Live Showroom Auction: Wednesday, July, 17, 2024, 10AM ET
Public Exhibition: July 14, 15, 16, 11AM-4PM
Join us! Exhibition Reception & Outdoor Barbecue, Sunday, July 14, Noon to 4PM

Absentee Bid Form | Telephone Bid Form | Terms and Conditions (PDF)
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For decades, Material Culture has sourced and sold antique Anglo-Indian furniture in our retail store, owing to its great popularity, home utility, and bench-made quality—qualities sorely lacking in today’s contemporary, mass-manufactured, “disposable” furniture.

For the first time in our 30-year history, we are offering a container of this furniture at auction, diverging from our usual focus on selling items from estates and private individuals. This venture is an experiment to determine if the auction model is a viable method for marketing these items. We hope that both resellers and private individuals find this an effective way to shop.

Unlike contemporary alternatives made from engineered wood or plastic, this real wood furniture is longer-lasting, more sustainable, and arguably more beautiful. These pieces, such as cabinets, servers, and cupboards, do not need to be discarded at the first sign of damage. They can be easily repaired, sanded, repainted, or updated with new knobs and hardware. Like their traditional English and Irish models, these high-quality furniture pieces become heirloom items that adapt to each generation’s style, finding their place in contemporary interiors.

The adaptability of this furniture enhances its usefulness. Slim shelves become perfect spice or curio cabinets, while larger pieces fit seamlessly into dens, living rooms, or kitchens. Medicine cabinets can be faced with panel, glass, or mirror. The slim depth of this furniture allows it to fit more easily into rooms and hallways that would not accommodate bulkier forms, making it ideal for smaller urban apartments. Lastly, instead of ending up in the junk pile like much contemporary furniture, antique Anglo-Indian furniture can always be resold and find new homes for continued, reliable service.

For much of their history, most Indians did not use Western types of furniture in their homes, but rather low tables and cushions on the floor, for lounging, eating and sleeping, while Indian Royals also used ceremonial pieces like thrones. Starting in the 16th century, European conquests of various parts of India meant an influx over time of Portuguese, French, Dutch and English domestic habits, including furniture uses and styles. Desiring their traditional furnishings, Westerners asked native Indian craftsman to produce them with local materials. The result was numerous hybrid styles of furniture, used both domestically and for export back to Europe. Traditional Indian skills of intricate wood carving and inlay were often added to traditional Western forms; and indigenous woods like rosewood, padauk and teak replaced European oak, walnut and pine. The British Raj (1858-1947) had perhaps the longest lasting influence on Indian fusion furniture. Drawing heavily from Irish/English traditional country furniture, simple forms of paneled cupboards, cabinets, sideboards and tables were created that very closely resembled their models from the West. We have found this furniture category very popular, because it fits into people’s homes with a rustic charm. And a refurbished ‘shabby chic’ or cottage element is achieved from surviving remnants of original paint, and wooden panels removed, replaced with modern glass to modernize.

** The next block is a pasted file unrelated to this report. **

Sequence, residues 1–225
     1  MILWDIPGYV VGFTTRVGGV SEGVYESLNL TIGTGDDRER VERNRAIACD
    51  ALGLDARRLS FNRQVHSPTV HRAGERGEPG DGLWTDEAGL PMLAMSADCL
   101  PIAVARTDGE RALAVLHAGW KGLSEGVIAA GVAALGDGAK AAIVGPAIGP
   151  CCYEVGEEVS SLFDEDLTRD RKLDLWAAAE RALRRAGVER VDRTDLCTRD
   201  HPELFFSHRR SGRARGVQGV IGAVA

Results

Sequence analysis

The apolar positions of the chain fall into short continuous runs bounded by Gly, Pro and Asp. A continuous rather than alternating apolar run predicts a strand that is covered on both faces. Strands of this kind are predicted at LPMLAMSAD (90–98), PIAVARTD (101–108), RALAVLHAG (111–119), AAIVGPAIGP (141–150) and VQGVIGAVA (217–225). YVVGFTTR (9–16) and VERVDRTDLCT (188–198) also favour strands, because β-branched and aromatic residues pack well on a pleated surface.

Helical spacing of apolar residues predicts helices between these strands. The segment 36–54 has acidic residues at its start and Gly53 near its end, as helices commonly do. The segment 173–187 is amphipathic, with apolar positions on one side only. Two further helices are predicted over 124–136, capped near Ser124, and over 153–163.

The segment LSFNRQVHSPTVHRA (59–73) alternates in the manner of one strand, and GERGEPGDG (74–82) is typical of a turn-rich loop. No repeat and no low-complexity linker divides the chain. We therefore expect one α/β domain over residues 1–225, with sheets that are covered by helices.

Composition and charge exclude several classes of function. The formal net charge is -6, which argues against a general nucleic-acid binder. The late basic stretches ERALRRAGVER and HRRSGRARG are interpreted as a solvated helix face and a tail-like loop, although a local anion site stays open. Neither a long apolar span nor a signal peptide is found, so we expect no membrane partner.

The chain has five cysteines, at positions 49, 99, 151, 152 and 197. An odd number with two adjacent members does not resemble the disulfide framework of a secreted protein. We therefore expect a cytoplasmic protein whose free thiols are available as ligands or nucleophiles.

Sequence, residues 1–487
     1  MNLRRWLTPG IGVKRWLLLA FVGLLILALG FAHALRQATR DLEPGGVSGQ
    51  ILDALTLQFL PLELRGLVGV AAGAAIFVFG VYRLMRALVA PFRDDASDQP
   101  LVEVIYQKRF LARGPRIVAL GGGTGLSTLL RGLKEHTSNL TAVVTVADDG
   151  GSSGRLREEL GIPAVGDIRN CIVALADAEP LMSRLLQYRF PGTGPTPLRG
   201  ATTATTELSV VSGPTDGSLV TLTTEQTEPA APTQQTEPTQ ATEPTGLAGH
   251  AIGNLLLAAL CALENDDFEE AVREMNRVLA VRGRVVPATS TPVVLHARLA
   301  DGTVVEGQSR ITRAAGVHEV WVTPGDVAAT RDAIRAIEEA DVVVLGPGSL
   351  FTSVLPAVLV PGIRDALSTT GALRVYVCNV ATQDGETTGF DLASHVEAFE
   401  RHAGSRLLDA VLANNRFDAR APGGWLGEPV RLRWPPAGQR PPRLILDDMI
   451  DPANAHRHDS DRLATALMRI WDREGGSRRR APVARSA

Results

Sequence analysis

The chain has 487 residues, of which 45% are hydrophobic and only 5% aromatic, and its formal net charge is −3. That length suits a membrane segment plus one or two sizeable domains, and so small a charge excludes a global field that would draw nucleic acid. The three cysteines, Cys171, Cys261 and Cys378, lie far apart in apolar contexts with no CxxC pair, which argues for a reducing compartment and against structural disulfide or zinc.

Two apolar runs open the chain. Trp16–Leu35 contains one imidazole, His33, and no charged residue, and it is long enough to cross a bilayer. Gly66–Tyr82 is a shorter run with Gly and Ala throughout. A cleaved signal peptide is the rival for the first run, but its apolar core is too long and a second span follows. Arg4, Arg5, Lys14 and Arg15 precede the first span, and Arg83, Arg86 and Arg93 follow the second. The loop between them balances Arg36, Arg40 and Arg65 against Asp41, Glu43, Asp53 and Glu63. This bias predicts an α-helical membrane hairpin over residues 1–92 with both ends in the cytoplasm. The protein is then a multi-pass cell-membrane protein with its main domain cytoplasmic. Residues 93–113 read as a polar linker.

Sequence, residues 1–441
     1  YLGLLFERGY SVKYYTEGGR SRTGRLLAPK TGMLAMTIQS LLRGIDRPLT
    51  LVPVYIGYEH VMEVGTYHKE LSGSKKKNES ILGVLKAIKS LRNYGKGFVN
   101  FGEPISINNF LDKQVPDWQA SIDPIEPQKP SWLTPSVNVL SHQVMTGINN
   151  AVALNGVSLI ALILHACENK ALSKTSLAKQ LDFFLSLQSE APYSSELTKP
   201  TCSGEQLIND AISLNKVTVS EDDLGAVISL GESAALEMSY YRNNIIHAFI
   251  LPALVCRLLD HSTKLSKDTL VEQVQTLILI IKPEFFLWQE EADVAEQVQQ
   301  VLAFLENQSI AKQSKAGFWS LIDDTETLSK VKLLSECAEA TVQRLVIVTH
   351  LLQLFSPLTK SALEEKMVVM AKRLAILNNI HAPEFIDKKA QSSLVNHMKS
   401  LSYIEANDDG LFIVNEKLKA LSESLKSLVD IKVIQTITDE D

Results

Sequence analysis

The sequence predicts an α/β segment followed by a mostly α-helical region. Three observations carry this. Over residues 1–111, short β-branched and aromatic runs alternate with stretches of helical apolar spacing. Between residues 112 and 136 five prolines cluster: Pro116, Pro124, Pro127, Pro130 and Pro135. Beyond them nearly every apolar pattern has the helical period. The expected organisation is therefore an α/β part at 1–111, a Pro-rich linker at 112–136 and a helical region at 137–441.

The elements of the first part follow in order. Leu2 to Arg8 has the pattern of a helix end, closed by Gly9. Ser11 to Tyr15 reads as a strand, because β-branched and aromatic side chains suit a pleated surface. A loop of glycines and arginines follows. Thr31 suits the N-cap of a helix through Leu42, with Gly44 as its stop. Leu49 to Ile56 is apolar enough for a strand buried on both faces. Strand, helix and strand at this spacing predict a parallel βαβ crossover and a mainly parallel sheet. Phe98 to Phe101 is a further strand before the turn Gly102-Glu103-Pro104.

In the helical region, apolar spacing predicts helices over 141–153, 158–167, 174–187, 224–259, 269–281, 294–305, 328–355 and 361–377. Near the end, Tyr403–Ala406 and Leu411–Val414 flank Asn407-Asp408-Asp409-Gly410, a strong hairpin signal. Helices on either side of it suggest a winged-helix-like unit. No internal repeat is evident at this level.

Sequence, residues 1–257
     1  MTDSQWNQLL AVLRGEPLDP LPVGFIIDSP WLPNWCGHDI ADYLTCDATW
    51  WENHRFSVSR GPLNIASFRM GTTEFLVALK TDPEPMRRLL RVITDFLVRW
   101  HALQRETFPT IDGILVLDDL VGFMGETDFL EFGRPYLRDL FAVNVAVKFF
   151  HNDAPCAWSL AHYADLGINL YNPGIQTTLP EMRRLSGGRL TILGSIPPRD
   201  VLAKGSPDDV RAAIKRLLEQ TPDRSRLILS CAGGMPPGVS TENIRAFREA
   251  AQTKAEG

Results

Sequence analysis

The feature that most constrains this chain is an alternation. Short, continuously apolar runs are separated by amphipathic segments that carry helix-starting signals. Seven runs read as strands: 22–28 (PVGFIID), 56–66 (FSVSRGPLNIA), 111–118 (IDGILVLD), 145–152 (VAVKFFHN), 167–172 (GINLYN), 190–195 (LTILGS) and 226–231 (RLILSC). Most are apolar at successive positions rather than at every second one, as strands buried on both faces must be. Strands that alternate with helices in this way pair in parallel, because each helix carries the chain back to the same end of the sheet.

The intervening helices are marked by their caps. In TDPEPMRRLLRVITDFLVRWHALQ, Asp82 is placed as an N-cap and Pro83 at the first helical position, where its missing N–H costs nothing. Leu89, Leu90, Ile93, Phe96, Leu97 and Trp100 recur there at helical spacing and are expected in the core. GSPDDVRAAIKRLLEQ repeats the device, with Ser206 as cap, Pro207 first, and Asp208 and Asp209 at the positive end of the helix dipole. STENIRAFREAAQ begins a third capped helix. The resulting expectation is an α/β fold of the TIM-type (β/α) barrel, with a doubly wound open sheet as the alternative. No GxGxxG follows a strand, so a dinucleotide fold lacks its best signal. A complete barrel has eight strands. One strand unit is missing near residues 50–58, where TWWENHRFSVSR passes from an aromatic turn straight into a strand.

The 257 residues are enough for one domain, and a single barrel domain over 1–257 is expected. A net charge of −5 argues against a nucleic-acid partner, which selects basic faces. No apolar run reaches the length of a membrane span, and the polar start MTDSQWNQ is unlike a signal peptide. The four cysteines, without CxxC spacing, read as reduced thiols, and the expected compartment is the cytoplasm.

NOTE: There Are No Hidden or Confidential Reserves; All Acceptable Bidding Commences at the Online Start Price. We Sell Approximately 60-80 Lots Per Hour. Shown below are a small sampling of lots. Please go to one of the online portal links above to view the entire auction catalog.